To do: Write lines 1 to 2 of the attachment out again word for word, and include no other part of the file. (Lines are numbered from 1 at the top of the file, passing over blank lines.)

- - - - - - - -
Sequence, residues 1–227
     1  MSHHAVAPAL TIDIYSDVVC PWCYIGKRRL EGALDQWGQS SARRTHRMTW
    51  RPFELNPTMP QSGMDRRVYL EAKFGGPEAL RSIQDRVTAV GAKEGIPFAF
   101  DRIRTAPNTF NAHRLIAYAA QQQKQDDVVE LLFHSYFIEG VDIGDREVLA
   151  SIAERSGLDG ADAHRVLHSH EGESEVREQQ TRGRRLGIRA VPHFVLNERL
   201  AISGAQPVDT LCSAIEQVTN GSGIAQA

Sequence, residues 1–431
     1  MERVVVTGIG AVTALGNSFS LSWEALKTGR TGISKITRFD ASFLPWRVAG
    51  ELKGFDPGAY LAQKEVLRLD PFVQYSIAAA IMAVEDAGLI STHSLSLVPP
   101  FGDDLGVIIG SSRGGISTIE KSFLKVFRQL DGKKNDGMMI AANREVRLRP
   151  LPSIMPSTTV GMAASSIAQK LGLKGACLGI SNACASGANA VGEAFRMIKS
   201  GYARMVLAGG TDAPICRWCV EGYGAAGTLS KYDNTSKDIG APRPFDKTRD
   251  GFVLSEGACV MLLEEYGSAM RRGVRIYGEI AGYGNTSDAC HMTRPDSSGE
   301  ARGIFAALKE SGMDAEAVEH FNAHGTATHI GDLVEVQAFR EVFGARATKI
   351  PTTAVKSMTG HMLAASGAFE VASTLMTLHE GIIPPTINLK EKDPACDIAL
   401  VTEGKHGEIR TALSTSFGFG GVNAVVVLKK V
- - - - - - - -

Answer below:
Sequence, residues 1–227
     1  MSHHAVAPAL TIDIYSDVVC PWCYIGKRRL EGALDQWGQS SARRTHRMTW